The Animal and Plant Health Inspection Service (APHIS) provides this update of spotted lanternfly (SLF) activities in Pennsylvania, Virginia, New Jersey, and Delaware. SLF feeds on more than 70 types of plants, including crops such as grapes, apples, hops, walnuts, and other hardwood trees. SLF suck sap from stems and leaves, damaging plants as they feed. APHIS and state cooperators continue to work together to assess the affected areas and implement a program response to detect, contain, and suppress SLF populations in order to reduce the pest’s spread.
The Pennsylvania Department of Agriculture (PDA) first detected SLF in Berks County, Pennsylvania, in September 2014. Since 2014, SLF has spread to approximately 3,000 square miles in southeast Pennsylvania, including known populations in Berks, Bucks, Carbon, Chester, Delaware, Lancaster, Lebanon, Lehigh, Monroe, Montgomery, Northampton, Philadelphia, and Schuylkill counties. In 2018, USDA provided emergency funding to support SLF response activities in Pennsylvania. APHIS and PDA are deploying an area-wide pest management strategy that includes surveillance, treatment and control, and outreach activities to reduce the pest population and spread.
In February 2018, APHIS confirmed a localized SLF infestation in Frederick County, Virginia. In summer 2018, APHIS confirmed SLF in Warren, Mercer, and Hunterdon counties in New Jersey, as well as in New Castle County, Delaware. APHIS is working with the departments of agriculture in Virginia, New Jersey, and Delaware to contain the infestations and treat the affected areas. In addition, APHIS confirmed isolated incidents of single SLF detections in New York and Maryland due to SLF traveling on non-agricultural material from infested areas.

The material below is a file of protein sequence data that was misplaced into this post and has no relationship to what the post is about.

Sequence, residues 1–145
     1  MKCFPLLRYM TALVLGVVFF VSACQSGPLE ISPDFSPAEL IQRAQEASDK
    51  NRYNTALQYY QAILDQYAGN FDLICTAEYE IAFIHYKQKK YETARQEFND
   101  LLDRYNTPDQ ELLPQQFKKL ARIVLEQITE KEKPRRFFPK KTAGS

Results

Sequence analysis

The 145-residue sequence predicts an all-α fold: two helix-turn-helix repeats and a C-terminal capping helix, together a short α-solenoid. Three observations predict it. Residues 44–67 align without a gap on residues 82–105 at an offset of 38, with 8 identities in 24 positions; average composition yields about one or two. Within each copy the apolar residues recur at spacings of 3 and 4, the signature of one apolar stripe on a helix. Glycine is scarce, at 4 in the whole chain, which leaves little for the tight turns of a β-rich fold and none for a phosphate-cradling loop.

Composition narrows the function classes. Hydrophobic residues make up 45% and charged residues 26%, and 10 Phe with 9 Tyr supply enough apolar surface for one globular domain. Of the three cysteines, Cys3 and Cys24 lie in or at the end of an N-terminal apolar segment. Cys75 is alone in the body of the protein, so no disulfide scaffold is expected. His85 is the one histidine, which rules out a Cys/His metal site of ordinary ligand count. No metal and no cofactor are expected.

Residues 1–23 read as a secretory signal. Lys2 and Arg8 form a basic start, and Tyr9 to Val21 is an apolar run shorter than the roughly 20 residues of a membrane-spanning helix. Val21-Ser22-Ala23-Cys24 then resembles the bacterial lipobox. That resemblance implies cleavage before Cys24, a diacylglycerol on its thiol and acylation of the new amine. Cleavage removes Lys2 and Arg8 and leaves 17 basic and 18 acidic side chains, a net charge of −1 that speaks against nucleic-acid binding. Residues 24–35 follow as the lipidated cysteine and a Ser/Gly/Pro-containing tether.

APHIS and state partners are conducting SLF detection surveys in Delaware, Maryland, New Jersey, New York, Pennsylvania, Virginia, and West Virginia to monitor pest populations and detect new outbreaks outside known infested areas. A coordinated federal and state response, with industry and public support, is necessary to protect crops, forests, and residential landscapes from this pest. By attacking the pest on all fronts, we are maximizing the effectiveness of both locally applied and area-wide activities.